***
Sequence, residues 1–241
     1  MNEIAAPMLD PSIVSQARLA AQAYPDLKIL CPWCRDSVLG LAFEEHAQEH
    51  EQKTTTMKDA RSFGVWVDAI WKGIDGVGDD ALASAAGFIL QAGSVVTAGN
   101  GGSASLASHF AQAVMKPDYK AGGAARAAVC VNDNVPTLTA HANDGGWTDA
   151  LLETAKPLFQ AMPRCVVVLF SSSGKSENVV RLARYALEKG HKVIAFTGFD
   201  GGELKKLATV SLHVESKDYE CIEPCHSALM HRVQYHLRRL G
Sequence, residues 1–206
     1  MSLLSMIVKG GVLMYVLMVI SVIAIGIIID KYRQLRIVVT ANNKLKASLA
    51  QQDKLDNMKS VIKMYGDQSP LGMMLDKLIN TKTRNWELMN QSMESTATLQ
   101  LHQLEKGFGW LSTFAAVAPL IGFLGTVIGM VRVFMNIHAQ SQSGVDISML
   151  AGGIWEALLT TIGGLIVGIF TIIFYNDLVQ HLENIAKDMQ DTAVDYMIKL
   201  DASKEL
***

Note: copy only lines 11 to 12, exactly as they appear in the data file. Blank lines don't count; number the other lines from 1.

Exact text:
   151  AGGIWEALLT TIGGLIVGIF TIIFYNDLVQ HLENIAKDMQ DTAVDYMIKL
   201  DASKEL